Bassil Alomari, a fall 2017 finance graduate, didn’t experience the common struggle of senioritis. Instead, Alomari completed his undergraduate education with a “daunting research task,” in which he explored the similarities of U.S. market crashes in a 30-page report, said Derek Horstmeyer, finance assistant professor.
“His work is highly inventive and helps reduce incredibly complex issues into their core common features, and yields many predictive features of crises for future research exploration,” Horstmeyer said.
Alomari, who’s passionate about finance, said he was interested in the topic because he’s currently in the market. “I’m trading, so I’m concerned about my investments,” he said.
He examined multiple financial crises form the 20th and 21st centuries, including the 1929 crisis, 1987 fall, 2001 dot com bust, and the 2008 housing crisis. He used his findings to evaluate the current market and make predictions for future crises.
“What interested me in the topic is that we’re now in a market condition where the market is overvalued, so I was interested to see if there was going to be a correction soon in the market or a crash,” Alomari said. “I found that there are actually similarities and it’s not in the best shape at the moment.”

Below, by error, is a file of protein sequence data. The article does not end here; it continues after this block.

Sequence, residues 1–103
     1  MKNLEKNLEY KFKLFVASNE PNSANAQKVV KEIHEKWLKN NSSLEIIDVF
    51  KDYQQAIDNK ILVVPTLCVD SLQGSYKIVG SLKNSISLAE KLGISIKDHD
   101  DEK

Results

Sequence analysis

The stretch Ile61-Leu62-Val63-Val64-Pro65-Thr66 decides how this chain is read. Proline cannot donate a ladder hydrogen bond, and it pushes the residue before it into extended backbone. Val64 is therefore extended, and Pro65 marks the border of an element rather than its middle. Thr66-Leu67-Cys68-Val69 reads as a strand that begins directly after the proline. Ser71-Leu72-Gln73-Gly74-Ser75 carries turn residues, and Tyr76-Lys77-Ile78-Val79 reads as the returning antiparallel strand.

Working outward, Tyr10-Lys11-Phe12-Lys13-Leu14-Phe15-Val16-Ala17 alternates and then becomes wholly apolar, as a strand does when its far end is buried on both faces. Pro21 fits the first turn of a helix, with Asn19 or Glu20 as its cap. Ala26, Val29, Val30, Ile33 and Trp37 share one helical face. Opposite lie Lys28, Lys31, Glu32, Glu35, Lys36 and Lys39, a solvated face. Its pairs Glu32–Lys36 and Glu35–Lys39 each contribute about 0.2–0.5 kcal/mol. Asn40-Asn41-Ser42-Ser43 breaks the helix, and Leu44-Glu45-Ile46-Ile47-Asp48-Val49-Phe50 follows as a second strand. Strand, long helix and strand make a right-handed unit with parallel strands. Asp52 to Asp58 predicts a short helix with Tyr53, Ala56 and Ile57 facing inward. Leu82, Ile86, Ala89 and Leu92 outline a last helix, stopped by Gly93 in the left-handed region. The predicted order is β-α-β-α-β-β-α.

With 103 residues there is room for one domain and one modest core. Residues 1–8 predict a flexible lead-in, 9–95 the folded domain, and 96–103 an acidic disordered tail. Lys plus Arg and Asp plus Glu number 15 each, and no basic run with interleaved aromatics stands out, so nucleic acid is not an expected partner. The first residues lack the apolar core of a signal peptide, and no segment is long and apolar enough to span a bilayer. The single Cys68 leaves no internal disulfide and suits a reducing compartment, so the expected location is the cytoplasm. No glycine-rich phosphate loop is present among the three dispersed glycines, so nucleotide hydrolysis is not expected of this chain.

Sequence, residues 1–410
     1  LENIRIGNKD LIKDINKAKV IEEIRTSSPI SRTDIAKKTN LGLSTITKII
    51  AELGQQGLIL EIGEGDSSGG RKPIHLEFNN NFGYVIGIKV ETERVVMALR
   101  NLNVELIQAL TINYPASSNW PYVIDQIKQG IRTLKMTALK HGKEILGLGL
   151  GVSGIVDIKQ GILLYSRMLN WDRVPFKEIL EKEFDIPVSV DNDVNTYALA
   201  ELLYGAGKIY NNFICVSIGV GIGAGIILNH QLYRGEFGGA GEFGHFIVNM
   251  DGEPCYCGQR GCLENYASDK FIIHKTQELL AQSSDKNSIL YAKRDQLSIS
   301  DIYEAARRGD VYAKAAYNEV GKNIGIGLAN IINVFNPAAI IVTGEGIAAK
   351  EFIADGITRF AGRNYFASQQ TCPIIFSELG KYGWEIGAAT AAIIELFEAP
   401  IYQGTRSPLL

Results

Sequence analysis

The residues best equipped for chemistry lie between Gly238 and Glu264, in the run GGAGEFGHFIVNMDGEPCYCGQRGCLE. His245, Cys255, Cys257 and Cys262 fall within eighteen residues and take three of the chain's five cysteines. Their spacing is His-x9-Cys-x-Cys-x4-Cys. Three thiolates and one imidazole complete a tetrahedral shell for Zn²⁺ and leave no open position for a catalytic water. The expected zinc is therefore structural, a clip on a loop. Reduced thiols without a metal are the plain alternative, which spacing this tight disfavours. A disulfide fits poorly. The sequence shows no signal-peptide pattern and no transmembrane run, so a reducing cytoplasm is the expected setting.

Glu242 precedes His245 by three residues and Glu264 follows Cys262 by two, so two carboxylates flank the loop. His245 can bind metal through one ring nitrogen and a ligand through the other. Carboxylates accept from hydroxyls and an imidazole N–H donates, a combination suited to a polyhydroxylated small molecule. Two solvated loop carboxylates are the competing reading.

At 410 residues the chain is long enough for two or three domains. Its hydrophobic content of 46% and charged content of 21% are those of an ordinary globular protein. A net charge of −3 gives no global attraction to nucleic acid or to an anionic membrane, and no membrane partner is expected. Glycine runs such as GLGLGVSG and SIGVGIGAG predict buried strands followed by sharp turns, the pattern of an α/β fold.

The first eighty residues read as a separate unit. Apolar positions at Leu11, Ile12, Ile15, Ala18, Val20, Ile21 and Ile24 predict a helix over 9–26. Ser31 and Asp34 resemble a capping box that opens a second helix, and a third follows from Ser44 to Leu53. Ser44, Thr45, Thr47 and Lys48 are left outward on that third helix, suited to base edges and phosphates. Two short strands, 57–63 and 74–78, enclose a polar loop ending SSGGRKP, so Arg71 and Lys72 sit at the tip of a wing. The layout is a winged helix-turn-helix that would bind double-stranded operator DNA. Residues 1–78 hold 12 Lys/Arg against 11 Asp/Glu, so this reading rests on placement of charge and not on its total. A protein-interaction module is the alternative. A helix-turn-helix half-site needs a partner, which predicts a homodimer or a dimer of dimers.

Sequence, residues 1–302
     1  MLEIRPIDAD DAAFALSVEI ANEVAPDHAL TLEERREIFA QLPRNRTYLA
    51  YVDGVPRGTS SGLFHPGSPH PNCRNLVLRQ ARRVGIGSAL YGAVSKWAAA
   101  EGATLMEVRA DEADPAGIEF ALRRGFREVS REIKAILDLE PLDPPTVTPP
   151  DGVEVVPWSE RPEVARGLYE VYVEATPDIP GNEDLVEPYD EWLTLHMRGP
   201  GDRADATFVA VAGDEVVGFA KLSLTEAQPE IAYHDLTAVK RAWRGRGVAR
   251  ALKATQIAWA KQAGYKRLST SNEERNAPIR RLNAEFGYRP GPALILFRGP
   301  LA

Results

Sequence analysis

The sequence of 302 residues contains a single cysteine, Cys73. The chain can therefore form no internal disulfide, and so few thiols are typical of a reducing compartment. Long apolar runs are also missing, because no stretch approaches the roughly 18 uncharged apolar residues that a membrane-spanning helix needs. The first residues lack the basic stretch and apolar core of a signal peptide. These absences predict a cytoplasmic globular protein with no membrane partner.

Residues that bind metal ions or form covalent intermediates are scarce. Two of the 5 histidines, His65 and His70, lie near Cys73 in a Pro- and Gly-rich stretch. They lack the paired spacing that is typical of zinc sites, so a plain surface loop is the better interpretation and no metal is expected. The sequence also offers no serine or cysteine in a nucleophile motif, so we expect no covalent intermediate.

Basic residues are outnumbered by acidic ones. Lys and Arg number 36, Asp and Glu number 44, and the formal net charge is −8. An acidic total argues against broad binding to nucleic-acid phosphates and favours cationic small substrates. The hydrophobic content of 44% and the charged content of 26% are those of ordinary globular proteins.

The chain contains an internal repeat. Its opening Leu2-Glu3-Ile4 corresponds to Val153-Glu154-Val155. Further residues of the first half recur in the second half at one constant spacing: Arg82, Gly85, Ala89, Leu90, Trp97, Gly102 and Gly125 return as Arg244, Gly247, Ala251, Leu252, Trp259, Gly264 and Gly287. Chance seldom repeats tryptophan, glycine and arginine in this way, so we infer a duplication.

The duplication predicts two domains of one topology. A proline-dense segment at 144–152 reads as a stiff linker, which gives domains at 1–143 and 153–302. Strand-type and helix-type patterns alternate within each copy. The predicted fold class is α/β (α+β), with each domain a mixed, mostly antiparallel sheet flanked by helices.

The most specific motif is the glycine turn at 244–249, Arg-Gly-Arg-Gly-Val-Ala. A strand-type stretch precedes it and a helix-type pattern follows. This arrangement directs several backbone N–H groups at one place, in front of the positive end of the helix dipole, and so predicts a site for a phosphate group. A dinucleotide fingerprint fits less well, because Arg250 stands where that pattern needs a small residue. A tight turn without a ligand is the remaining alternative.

Alomari found certain factors were present in each crash. “All the crashes that happened had three main causes, which are the press outlets pushing fear into the market, regulation, and operating on debt.”
He was surprised by regulations taking place before crashes, explaining that they were mostly too late. “I wonder why these regulations took place,” he said. “We see that sometimes the people that come up with regulations didn’t learn from their past mistakes.”
Based on his findings, Alomari said concerns for today’s market include debt and the new tax cut. In the future, he’s interested in learning more about the regulation side of finance, but prefers investing.
Alomari, who graduated in winter 2017, credits the independent study with Horstmeyer as an enriching experience for his academic career. He returned home to Saudi Arabia and would like to be his own boss. “The first thing I’m going to do when I land there is start my hedge fund, and I’m going to apply what I learned here at George Mason.”